My Perception of What Integrated Care should Look Like
The importance of integration for health and care is being increasingly recognised. So, what is integrated care? NHS England have agreed "person-centred, co-ordinated care" as a definition for this. They explain this further using the narrative "I can plan my care with people who work together to understand me and my carer(s), allow me control, and bring together services to achieve the outcomes important to me." To get the best outcomes, individuals and the professionals caring for them need to be able to easily access the information they need, when and where they need it. Digitisation is key to delivering this, as it allows sharing of information between different people and places in real-time, which cannot be achieved using paper. However, to realise the full benefits of digital technologies, these also need to be integrated with each other. So, achieving exemplary integrated care is like building a jigsaw puzzle; each new service that is integrated is like adding a piece to the puzzle, which helps you see the full picture.
Whether it is integrating health and care services or different technologies, integration is all about bringing people and services together. Integration of healthcare technology allows experts in their field to unite and, by doing so, enhance their ability to improve outcomes. It provides richer data for providing insights that can be used to improve quality of care. Additionally, integration gives those who will use and benefit from the healthcare technology the ability to truly chose, for each separate aspect, the technology that works best for them with the knowledge that these will work together. Ernie Graham talks about his experiences with technology, data and integration at Cornford House in this recent discussion with Hooman Safaei, Chief Research Officer at Invatech Health.
What is the background to the establishment of Cornford House and what are your objectives?
We are a family owned business and we wish to provide a long term and sustainable care offering. Cornford House is purpose built and we are constantly thinking of how to best run it.
What are your thoughts on technology?
We have always had good levels of technology, but our main systems such as electronic care planning had become the last generation. For example, they were desktop based and locally hosted on servers in house. We recognised this and we now want to have the latest level of technology.
We are striving to mitigate risk, demonstrate resident care outcomes and compliance with regulations and standards to our end users and the stakeholders in their care such as commissioners, CQC and relatives. We want to use the best technology to help us in this endeavour.
Providing care is complex and multi-faceted. What we have learnt over the years is that the best technology is provided by companies who are specialists on that specific aspect of care. They are focused, and their products help us achieve what we want. We have a specialist staff rostering system and a different call bell system. In terms of medicine management, we went with ATLAS eMAR, a specialist product from a company run by experts who are pharmacists and doctors. We are also not afraid of changing to new and specialist technologies. For example, we had started to develop our own care planning system, but we switched to Person Centred Software, which has already developed a leading edge offering.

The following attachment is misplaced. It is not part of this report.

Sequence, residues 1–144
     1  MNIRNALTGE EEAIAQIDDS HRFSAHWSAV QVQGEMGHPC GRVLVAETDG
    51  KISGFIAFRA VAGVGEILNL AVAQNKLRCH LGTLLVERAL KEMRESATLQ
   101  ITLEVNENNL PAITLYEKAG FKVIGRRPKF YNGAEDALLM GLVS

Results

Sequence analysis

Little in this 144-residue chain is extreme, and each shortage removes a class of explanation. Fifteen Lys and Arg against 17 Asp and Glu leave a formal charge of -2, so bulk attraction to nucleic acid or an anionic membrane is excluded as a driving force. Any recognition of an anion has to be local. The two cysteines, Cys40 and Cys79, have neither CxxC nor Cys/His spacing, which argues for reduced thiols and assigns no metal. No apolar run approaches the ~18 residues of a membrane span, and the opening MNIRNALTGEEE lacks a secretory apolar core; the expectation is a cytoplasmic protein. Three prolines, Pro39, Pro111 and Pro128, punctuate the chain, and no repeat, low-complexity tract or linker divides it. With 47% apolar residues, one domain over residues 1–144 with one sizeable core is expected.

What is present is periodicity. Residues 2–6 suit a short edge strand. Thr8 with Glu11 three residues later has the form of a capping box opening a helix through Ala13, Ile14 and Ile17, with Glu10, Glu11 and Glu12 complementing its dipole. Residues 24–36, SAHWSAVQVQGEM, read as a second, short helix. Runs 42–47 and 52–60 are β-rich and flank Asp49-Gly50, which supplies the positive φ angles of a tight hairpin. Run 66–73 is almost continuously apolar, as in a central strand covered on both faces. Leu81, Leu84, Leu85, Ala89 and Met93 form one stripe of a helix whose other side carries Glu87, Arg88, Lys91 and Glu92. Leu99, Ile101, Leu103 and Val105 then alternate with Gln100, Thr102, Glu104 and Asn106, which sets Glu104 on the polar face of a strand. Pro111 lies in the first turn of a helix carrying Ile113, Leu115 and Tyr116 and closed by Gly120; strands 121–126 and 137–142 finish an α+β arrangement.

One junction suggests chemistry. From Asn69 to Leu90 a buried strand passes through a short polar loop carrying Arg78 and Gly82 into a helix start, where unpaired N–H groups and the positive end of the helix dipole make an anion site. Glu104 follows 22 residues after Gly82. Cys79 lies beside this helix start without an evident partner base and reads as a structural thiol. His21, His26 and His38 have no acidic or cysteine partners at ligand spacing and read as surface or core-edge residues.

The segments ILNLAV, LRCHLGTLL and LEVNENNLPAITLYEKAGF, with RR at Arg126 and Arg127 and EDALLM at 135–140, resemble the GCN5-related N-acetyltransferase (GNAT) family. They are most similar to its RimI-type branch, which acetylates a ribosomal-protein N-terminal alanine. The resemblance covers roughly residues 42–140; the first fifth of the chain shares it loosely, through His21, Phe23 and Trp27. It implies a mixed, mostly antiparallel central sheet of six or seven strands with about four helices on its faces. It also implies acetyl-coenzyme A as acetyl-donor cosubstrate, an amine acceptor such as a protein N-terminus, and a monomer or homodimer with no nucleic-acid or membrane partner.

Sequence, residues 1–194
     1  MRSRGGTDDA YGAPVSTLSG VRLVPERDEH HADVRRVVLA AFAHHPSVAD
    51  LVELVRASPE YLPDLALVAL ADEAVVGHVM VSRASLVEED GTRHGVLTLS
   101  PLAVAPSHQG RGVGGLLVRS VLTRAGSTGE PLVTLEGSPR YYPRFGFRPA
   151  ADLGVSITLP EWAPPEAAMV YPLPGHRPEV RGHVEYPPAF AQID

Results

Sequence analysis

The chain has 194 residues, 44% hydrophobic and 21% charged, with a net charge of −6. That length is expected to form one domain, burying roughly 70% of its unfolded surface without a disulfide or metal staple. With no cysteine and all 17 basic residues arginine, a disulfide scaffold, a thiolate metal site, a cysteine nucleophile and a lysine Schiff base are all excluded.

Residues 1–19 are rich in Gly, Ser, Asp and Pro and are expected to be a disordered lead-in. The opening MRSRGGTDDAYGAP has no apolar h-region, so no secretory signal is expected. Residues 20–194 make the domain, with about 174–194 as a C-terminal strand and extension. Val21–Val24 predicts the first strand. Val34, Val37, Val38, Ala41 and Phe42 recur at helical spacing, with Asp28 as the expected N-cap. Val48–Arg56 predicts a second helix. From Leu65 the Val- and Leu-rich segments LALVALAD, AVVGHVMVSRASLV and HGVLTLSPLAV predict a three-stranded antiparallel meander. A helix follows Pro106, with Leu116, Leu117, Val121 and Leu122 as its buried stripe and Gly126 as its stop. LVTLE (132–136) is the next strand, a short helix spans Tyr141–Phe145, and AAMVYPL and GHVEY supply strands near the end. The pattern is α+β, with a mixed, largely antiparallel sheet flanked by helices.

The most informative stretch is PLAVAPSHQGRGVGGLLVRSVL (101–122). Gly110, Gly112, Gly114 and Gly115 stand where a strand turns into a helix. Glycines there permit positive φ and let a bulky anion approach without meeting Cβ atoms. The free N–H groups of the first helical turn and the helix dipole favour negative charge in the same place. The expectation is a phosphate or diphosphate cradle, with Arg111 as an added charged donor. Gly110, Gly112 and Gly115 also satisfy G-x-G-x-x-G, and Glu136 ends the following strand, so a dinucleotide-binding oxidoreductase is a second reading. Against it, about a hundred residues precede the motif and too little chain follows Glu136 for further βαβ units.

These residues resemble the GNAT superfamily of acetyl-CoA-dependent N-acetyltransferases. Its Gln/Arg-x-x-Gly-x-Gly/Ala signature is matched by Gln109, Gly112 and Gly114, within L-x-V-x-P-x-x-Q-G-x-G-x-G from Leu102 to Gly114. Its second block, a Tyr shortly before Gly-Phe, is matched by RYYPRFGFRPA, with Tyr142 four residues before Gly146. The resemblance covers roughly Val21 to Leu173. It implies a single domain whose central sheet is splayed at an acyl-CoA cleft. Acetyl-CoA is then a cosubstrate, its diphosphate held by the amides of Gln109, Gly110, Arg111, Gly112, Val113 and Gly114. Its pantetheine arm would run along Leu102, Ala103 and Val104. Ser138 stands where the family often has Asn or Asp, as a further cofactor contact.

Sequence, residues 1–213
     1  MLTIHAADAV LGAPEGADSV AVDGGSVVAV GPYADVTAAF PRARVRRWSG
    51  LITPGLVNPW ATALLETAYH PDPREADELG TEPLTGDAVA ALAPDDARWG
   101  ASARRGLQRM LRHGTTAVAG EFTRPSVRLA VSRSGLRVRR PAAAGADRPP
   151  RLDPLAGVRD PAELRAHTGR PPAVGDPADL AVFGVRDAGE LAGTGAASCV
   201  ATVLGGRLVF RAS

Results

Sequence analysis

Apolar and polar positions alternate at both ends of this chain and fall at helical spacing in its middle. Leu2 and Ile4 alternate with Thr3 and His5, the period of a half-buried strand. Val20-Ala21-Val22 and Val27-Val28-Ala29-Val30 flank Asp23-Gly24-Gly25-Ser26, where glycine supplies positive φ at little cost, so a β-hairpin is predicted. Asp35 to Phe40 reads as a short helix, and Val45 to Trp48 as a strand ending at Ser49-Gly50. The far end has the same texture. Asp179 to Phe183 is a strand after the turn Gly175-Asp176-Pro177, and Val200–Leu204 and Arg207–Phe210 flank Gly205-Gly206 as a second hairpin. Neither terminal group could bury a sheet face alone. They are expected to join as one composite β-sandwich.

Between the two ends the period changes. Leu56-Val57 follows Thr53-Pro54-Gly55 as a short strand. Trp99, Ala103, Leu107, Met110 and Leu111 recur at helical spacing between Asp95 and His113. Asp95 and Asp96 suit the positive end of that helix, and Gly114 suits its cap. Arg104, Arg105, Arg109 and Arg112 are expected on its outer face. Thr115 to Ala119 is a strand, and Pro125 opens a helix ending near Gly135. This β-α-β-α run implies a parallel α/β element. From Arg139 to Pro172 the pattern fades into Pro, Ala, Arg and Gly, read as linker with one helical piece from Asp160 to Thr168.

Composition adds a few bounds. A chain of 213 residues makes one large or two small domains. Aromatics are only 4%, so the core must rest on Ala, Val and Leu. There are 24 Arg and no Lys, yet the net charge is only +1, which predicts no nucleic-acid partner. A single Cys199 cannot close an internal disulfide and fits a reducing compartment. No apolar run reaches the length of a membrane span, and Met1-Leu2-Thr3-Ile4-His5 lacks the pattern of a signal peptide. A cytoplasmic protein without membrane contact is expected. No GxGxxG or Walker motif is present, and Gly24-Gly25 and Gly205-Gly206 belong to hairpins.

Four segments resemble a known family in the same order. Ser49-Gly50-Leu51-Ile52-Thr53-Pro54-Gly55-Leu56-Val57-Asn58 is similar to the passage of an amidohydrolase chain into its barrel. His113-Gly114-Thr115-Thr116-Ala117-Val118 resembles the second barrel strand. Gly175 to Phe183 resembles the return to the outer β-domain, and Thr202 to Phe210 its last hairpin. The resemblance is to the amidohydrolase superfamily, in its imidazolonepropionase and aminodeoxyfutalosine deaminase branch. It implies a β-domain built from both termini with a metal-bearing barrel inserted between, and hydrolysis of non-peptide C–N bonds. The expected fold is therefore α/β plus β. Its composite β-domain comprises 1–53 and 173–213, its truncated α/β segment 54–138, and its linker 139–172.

We want the data from all our technologies to be kept in one place and we want the “Best in class” in each specialism of care and then apply analytics from each specialism to combine outcomes and mitigate risk.
My inspiration for the use of data and analytics came from two sources, firstly the ATLAS Scorecard which uses the data on the important medicines management tasks and aggregates the results to give the home a “Score”. This allows me to have a “at a glance view” of medicines management at any given time. The manager can then manage by exception and only tackle under performance and mitigate risk. Now this is what I want to replicate in all the other areas of care.
I was also inspired by a presentation by Dr Claire Royston, the medical director of Four Seasons Healthcare at a last year’s Care England annual conference. It was a brilliant presentation where she said that moving forward in care and given the pressures that we have to demonstrate outcomes and tackle risk, there is no other way but to first collect data and then have analytics to highlight and mitigate the risk. She explained that care records were used for recording historical events which could be audited if something went wrong, but as a sector we need to get cleaver and we need data from all the different technologies that we use for care.